The garment industry, one of the largest manufacturing bases in the United States, withholds millions of dollars annually from its employees in unpaid minimum wages. However, courts have not clearly addressed the question of whether the Fair Labor Standards Act, which establishes federal wage and hour aws, makes garment manufacturers and retailers liable for the minimum wage violations of their contractors. The U.S. Department of Labor (DOL), the federal agency that enforces wage and hour laws, investigates few garment contractors, and collects little of the total owed back wages. Further, the DOL's relationship with the INS compromises its ability to advocate on behalf of immigrant workers, who form the backbone of the garment industry.
In the wake of federal inaction, some states have implemented antisweatshop laws designed to enforce minimum wage and hour laws. For example, New York has focused on manufacturer and contractor registration enforcement. However, New York's efforts have not resulted in increased wage and hour compliance. California's new law, Assembly Bill 633 (AB633), the Sweatshop Accountability Bill, improves on New York's approach by considering manufacturers and retailers "guarantors" of back wages owed by their contractors, and by providing a private cause of action for workers to assert claims against manufacturers through a Labor Commission hearing. However, AB633 lacks an efficient and effective adjudicative process, and suffers from vagueness on joint liability provisions. States where the garment industry flourishes should independently investigate garment employees' claims for owed back wages in Labor Commission hearings, and add a presumption that retailers and manufacturers are joint employers unless the contractor provided a unique service separate from the company's production process.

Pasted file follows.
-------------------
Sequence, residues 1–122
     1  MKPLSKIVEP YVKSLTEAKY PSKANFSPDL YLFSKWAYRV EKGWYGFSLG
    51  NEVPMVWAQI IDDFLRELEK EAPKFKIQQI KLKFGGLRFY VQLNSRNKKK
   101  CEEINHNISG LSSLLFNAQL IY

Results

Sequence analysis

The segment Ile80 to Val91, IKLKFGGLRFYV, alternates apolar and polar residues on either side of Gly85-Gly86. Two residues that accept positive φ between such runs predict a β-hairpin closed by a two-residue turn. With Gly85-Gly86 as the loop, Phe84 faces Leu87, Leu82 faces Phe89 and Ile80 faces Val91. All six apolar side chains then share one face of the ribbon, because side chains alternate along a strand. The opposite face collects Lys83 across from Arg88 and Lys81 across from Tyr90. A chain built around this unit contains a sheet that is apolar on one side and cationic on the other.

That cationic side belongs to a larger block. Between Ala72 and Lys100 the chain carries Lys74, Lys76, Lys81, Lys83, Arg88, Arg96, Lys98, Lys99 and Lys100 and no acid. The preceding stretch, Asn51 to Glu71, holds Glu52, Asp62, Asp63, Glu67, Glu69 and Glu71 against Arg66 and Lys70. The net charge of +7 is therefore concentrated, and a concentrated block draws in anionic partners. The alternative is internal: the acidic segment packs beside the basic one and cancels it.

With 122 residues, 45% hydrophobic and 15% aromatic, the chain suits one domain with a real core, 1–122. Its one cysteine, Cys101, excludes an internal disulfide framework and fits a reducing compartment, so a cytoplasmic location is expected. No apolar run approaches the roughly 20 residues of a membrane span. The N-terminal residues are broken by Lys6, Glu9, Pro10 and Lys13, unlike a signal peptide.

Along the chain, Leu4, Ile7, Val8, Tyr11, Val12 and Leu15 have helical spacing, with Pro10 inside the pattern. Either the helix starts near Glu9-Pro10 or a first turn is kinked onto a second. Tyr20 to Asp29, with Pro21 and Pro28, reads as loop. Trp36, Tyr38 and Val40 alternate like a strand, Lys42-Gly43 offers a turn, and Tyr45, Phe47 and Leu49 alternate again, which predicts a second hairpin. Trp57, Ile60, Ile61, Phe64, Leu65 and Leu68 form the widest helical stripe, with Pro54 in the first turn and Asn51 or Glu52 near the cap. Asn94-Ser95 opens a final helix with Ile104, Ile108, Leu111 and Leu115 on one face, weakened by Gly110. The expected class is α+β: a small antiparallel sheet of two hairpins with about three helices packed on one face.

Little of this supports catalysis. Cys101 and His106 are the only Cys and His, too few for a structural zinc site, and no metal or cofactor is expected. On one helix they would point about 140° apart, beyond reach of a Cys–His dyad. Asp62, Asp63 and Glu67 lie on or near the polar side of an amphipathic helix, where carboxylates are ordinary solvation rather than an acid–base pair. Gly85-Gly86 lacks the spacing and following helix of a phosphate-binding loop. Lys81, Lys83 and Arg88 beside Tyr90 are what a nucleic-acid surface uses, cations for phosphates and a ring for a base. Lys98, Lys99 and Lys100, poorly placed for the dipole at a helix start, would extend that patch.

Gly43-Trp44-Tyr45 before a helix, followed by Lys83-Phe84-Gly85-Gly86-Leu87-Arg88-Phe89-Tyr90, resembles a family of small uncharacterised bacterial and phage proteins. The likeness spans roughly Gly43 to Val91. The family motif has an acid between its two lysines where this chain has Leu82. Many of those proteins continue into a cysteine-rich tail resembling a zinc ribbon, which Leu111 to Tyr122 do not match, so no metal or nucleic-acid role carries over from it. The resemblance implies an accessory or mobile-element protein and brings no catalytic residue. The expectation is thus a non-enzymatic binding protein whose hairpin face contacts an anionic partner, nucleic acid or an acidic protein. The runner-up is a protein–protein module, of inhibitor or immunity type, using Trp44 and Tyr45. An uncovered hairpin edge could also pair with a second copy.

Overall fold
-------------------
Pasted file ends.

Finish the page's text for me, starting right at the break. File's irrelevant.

Critics may argue that (1) joint liability collapses the distinction between employers and entities that utilize legitimate independent contractors, (2) admitting a state investigation in the hearing denies due process to the parties, and (3) aggressive minimum wage enforcement will hasten globalization and worsen overall employee conditions. However, presuming joint liability is appropriate in industries that use contingent labor to avoid liability. Further, any loss in due process by admitting investigations does not prejudice either party disproportionally, and is outweighed by efficiency and fairness. Finally, even if enforcing labor laws results in contracting overseas, states should defend a basic standard of living over subpoverty employment.
Alternatively, critics may respond that a hearing process does not remove enough barriers, and that states should establish a strict liability insurance regime, like unemployment insurance, to reimburse workers for owed back wages. However, assuming the equal efficacy of both approaches, a state-led joint liability/pro se approach is superior because it maintains due process protections and treats nonpayment of back wages as an illicit act. Nevertheless, if guarantors restructure their production process to defeat the joint employer presumption, or if hearings fail to provide sufficient procedural protections for workers, states should consider a strict liability, insurance-based regime to help resolve this national crisis.